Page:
Young is a perfect subject for a biography — perfect, but daunting. Few men contributed so much to so many technical fields. Robinson's aim is to introduce non-scientists to Young's work and life. He succeeds, providing clear expositions of the technical material (especially that on optics and Egyptian hieroglyphs). Some readers of this book will, like Robinson, find Young's accomplishments impressive; others will see him as some historians have —as a dilettante. Yet despite the rich material presented in this book, readers will not be well-introduced to Young’s personal life. We catch glimpses of a playful Young, doodling Greek and Latin phrases in his notes on medical lectures and translating the verses that a young lady had written on the walls of a summerhouse into Greek elegiacs. Young was introduced into elite society, attended the theatre and learned to dance and play the flute. In addition, he was an accomplished horseman. However, his personal life looks pale next to his vibrant career and studies.

Section G

Young married Eliza Maxwell in 1804, and according to Robinson, "their marriage was a happy one and she appreciated his work.” Almost all we know about her is that she sustained her husband through some rancorous disputes about optics and that she worried about money when his medical career was slow to take off. Very little evidence survives about the complexities of Young's relationships with his mother and father. Robinson does not credit them, or anyone else, with shaping Young's extraordinary mind. Despite the lack of details concerning Young's relationships, however, anyone interested in what it means to be a genius should read this book.

Reading Passage Vocabulary
Thomas Young

Section A

Thomas Young (1773-1829) contributed 63 articles to the Encyclopedia Britannica, including 46 biographical entries (mostly on scientists and classicists) and substantial essays such as "Bridge," "Chromatics," "Egypt," "Languages" and “Tides." Was someone who could write authoritatively about so many subjects a polymath, a genius or a dilettante? In an ambitious new biography, Andrew Robinson argues that Young is a good contender for the epitaph "the last man who knew everything." Young has competition, however. The phrase, which Robinson takes for his title, also serves as the subtitle of two other recent biographies: Leonard Warren's 1998 biographic account of paleontologist Joseph Leidy (1823-1891) and Paula Findlen's 2004 book on Athanasius Kircher (1602-1680), another polymath.

Section B

Young, of course, did more than write encyclopedia entries. He presented his first paper to the Royal Society of London at the age of 20 and was elected a Fellow a week after his 21st birthday. In the paper, Young explained the process of accommodation in the human eye, meaning, how the eye focuses properly on objects at varying distances. Young hypothesized that this was achieved by changes in the shape of the lens. Young also theorized that light traveled in waves, as well as believing that to account for the ability to see in color, there must be three receptors in the eye corresponding to the three "principal colors" to which the retina could respond: red, green, violet. All these hypotheses were subsequently proved to be correct.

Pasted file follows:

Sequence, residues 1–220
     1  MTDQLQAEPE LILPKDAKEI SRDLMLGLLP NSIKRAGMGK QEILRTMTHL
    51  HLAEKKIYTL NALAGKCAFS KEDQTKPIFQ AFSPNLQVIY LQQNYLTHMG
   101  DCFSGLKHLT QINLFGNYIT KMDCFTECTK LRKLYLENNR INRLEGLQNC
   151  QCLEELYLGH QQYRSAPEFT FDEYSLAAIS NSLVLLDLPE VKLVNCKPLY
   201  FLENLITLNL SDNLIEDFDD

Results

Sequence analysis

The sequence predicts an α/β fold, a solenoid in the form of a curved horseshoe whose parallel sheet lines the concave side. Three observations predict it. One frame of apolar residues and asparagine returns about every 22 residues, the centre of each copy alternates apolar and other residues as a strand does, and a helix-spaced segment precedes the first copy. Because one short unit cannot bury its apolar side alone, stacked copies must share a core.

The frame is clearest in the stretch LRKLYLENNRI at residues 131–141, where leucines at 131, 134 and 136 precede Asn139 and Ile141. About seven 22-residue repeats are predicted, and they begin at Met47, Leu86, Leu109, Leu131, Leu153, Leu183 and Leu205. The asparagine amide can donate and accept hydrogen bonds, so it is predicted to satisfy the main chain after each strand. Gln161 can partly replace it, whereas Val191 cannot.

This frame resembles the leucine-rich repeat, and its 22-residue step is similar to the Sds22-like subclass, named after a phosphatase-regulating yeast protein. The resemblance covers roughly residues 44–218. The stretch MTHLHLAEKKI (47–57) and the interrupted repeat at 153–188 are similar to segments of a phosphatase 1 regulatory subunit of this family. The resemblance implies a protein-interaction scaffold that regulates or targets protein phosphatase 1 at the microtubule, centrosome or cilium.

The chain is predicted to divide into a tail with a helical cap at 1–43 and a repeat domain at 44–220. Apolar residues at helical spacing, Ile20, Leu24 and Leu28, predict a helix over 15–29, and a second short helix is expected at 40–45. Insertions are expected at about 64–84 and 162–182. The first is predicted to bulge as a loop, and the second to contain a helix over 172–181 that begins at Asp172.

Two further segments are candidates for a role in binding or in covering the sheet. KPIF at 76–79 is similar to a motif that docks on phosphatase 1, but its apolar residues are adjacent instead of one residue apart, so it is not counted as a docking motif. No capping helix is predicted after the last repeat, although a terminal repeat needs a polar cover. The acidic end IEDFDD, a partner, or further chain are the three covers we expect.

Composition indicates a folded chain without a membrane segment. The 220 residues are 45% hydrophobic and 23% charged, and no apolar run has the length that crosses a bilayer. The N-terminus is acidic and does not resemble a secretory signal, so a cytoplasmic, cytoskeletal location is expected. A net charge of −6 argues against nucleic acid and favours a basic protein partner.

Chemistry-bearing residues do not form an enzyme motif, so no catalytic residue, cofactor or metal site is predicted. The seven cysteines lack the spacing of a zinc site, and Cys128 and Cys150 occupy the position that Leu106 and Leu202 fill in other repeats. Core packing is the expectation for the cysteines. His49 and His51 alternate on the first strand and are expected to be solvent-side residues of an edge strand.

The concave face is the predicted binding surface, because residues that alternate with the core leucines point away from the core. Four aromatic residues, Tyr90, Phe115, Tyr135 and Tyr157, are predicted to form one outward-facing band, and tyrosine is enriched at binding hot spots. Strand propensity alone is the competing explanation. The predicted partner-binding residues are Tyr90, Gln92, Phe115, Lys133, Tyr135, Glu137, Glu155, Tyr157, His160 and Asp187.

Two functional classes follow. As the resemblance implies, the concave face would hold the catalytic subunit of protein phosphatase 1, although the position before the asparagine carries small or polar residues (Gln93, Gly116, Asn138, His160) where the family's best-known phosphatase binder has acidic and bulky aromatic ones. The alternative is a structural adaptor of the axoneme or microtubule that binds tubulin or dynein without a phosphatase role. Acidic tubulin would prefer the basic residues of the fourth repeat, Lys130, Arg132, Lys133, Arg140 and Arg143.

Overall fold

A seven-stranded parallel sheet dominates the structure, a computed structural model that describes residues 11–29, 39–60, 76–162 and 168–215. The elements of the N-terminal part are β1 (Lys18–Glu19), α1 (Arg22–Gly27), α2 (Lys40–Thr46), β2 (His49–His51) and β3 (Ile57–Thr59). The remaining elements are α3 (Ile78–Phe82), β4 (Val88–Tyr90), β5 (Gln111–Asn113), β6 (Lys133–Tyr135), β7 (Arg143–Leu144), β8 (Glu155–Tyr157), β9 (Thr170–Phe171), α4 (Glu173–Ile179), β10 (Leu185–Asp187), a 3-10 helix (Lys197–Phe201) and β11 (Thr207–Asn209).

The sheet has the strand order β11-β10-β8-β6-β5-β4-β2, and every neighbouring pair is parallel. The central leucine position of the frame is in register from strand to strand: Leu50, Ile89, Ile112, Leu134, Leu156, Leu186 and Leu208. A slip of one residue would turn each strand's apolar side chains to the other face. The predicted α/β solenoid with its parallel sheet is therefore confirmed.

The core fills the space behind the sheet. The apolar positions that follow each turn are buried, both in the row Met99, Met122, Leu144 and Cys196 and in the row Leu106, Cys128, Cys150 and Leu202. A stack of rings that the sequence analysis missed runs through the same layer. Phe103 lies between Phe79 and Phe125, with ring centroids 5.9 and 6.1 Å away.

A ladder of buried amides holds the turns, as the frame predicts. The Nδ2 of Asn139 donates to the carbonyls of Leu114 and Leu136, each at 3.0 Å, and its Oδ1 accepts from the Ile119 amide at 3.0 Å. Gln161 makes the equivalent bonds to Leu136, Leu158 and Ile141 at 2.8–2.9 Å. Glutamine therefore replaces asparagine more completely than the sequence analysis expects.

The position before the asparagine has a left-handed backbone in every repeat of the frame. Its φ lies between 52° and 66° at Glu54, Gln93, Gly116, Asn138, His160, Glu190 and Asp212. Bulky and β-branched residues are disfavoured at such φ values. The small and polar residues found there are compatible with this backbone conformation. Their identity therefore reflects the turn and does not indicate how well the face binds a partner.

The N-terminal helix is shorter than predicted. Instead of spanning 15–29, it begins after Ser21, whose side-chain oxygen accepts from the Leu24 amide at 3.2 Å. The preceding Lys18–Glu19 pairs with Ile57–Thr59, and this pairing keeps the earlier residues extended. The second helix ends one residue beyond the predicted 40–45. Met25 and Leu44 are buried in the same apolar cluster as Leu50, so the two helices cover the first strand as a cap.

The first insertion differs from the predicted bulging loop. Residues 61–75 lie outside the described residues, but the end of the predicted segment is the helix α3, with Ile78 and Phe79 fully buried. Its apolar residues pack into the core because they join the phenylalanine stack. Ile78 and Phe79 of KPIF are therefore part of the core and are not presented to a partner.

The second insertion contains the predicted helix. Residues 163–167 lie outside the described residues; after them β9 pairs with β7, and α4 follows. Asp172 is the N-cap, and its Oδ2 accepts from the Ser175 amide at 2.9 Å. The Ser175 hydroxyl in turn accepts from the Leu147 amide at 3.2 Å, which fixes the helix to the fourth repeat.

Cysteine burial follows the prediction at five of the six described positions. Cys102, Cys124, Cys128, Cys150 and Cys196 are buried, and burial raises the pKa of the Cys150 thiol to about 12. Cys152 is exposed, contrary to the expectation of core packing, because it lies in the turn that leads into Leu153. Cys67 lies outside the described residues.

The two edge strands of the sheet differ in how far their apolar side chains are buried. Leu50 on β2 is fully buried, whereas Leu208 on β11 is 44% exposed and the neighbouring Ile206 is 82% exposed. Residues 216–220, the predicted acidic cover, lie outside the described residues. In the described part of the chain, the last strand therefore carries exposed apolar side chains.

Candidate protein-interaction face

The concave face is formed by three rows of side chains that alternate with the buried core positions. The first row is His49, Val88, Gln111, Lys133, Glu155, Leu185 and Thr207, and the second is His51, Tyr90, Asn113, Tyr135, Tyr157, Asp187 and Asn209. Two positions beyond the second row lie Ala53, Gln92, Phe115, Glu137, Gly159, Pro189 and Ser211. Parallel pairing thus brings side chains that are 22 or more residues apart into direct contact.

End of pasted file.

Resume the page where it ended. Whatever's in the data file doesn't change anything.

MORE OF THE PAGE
Section C

Later in his life, when he was in his forties, Young was instrumental in cracking the code that unlocked the unknown script on the Rosetta Stone, a tablet that was "found" in Egypt by the Napoleonic army in 1799. The stone contains text in three alphabets: Greek, something unrecognizable and Egyptian hieroglyphs. The unrecognizable script is now known as demotic and as Young deduced, is related directly to hieroglyphic. His initial work on this appeared in his Britannica entry on Egypt. In another entry, he coined the term Indo-European to describe the family of languages spoken throughout most of Europe and northern India. These are the landmark achievements of a man who was a child prodigy and who, unlike many remarkable children, did not disappear into obscurity as an adult.

Section D

Born in 1773 in Somerset in England, Young lived from an early age with his maternal grandfather, eventually leaving to attend boarding school. He had devoured books from the age of two, and through his own initiative he excelled at Latin, Greek, mathematics and natural philosophy. After leaving school, he was greatly encouraged by his mother's uncle, Richard Brock-Lesby, a physician and Fellow of the Royal Society. Following Brocklesby's lead, Young decided to pursue a career in medicine. He studied in London, following the medical circuit, and then moved on to more formal education in Edinburgh, Gottingen and Cambridge. After completing his medical training at the University of Cambridge 1808, Young set up practice as a physician in London. He soon became a Fellow of the Royal College of Physicians and a few years later was appointed physician at St. George's Hospital.

Section E

Young's skill as a physician, however, did not equal his skill as a scholar of natural philosophy or linguistics. Earlier, in 1801, he had been appointed to a professorship of natural philosophy at the Royal Institution, where he delivered as many as 60 lectures in a year. These were published in two volumes in 1807. In 1804 Young had become secretary to the Royal Society, a post he would hold until his death. His opinions were sought on civic and national matters, such as the introduction of gas lighting to London and methods of ship construction. From 1819 he was superintendent of the Nautical Almanac and secretary to the Board of Longitude. From 1824 to 1829 he was physician to and inspector of calculations for the Palladian Insurance Company. Between 1816 and 1825 he contributed his many and various entries to the Encyclopedia Britannica, and throughout his career he authored numerous books, essays and papers.

Section F

Young is a perfect subject for a biography — perfect, but daunting. Few men contributed so much to so many technical fields. Robinson's aim is to introduce non-scientists to Young's work and life. He succeeds, providing clear expositions of the technical material (especially that on optics and Egyptian hieroglyphs). Some readers of this book will, like Robinson, find Young's accomplishments impressive; others will see him as some historians have —as a dilettante. Yet despite the rich material presented in this book, readers will not be well-introduced to Young’s personal life. We catch glimpses of a playful Young, doodling Greek and Latin phrases in his notes on medical lectures and translating the verses that a young lady had written on the walls of a summerhouse into Greek elegiacs. Young was introduced into elite society, attended the theatre and learned to dance and play the flute. In addition, he was an accomplished horseman. However, his personal life looks pale next to his vibrant career and studies.

Section G

Young married Eliza Maxwell in 1804, and according to Robinson, "their marriage was a happy one and she appreciated his work.” Almost all we know about her is that she sustained her husband through some rancorous disputes about optics and that she worried about money when his medical career was slow to take off. Very little evidence survives about the complexities of Young's relationships with his mother and father. Robinson does not credit them, or anyone else, with shaping Young's extraordinary mind. Despite the lack of details concerning Young's relationships, however, anyone interested in what it means to be a genius should read this book.